As the lights dim on the Middleton Performing Arts Center's proscenium stage, a flickering projector eases us back a few decades to the 1920s, with lively music and clips of flappers doing the Charleston. When the film reel ends, the lights rise on dancers in classic Bob Fosse silhouette, and suddenly we are in Chicago.
Chicago is the tale of two vaudevillian murderesses who battle for the spotlight in 1920s Chicago. Roxie Hart (Meagan Wells) has killed her lover and tricked her dimwitted husband (Adam Aufderhaar) into taking the rap. When Roxie's plan unravels and she lands in prison, her ill-gotten celebrity rankles Velma Kelly (Stephanie Genito) who was enjoying some ill-gotten celebrity of her own. Their only hope against the gallows is sleazy lawyer Billy Flynn (Roger Allen Rickman).
Middleton Players Theatre's show, which opened Friday, gets off to a slow start, with opener "All That Jazz" feeling more sleepy than sultry, but the stage comes alive for "Cell Block Tango," a number that highlights the company's talent.
Genito's performance feels flat in the show's opening number, but later she nails Velma's flashy exterior, as well as her vulnerability. Wells is adorable as Roxie, with a beautiful voice and smart comedic timing, but Roxie can be a hard character to sell, and she doesn't always sell it. At times she's a bit too hard-edged, not providing enough of a foil for Velma and making it harder to sympathize with her in her more tender moments.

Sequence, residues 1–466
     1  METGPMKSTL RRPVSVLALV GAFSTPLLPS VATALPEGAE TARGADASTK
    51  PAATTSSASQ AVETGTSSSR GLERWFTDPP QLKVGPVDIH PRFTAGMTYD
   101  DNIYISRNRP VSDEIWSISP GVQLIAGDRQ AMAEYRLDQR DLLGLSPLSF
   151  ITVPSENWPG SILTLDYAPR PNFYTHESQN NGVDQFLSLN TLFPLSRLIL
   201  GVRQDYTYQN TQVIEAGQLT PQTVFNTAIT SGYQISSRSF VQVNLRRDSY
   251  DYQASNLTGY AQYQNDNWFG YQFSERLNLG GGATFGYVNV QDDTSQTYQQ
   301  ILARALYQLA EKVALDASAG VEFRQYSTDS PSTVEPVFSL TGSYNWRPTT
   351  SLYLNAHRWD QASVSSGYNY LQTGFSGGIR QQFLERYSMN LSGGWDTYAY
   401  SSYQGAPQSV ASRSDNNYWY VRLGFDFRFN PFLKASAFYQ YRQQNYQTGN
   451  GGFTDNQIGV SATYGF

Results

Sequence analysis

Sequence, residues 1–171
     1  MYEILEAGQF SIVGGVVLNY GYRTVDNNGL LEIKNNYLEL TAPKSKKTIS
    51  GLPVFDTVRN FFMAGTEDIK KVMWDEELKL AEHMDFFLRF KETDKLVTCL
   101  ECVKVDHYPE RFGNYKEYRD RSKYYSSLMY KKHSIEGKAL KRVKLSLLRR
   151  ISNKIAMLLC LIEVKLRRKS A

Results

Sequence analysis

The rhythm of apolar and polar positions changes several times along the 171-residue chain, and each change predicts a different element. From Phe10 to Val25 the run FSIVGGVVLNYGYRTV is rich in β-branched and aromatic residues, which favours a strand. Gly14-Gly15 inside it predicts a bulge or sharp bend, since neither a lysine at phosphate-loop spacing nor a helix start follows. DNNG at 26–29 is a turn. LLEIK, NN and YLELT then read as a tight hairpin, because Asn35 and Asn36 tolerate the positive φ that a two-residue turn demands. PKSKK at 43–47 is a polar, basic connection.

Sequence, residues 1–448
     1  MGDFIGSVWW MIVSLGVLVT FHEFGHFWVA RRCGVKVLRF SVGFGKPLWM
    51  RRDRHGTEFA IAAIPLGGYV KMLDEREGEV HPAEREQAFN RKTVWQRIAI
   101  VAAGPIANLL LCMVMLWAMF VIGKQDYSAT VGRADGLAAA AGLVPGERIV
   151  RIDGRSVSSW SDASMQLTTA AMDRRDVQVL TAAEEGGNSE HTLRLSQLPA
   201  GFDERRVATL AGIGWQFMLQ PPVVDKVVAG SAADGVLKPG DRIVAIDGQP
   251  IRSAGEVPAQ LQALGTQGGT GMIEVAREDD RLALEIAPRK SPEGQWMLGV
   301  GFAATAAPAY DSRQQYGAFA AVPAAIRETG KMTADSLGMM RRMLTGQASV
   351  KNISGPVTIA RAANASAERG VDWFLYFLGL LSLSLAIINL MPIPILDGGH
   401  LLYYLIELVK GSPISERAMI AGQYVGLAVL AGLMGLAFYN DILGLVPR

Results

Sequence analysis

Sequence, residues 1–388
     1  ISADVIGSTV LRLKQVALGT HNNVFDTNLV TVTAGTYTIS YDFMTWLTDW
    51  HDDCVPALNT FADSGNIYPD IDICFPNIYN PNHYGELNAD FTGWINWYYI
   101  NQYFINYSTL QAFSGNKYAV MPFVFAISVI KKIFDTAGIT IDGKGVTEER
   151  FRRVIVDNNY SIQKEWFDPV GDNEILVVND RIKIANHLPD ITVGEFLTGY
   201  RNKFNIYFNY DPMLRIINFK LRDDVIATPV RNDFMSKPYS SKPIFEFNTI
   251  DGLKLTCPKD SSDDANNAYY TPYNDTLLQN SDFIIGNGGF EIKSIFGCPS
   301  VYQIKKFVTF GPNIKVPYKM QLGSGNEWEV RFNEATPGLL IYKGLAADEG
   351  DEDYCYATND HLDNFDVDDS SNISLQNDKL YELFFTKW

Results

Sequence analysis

Aufderhaar struggles to connect emotionally as Amos early in the show, so I braced myself for his solo number in Act II. But his rendition of "Mister Cellophane," understated and unnerving, ends up being one of the resonant performances.
Montana Skye is spot on as reporter Mary Sunshine, with an improbably clear soprano and impeccable comedic timing. Rickman is funny as Billy Flynn, but lacks the smarmy charm the role demands. Amy L. Welk is a powerhouse as Matron on "When You're Good to Mama," and her later duet with Genito showcases heartbreaking harmonies for such a funny song.
Dazzling costumes from Kristin Richgels, jaw-dropping choreography from Sara Bartlett, and a simple, elegantly designed set from Patrick J. Motiff -- from first glance to last peek, the production is visually stunning. A woman in the row behind me gasped at least three times, and I'm not so jaded that I can't be moved by the blinding flash of sequins in the footlights.
Dancing is often overlooked in smaller budget, local productions, but here the choreography is the star. Throughout the show were several moves so impressive the audience burst into applause mid-song, leaving me feeling a bit like I was at the Shamu show at Sea World.
This production is eye candy from start to finish, and if you want to be razzle-dazzled, it will not disappoint. Some of the performances ring a little hollow, but the glitz and glamour go a long way to making you forget. As Billy Flynn sings to Roxie in the show's second act: "Give 'em the old hocus pocus, bead and feather 'em -- how can they see with sequins in their eyes?"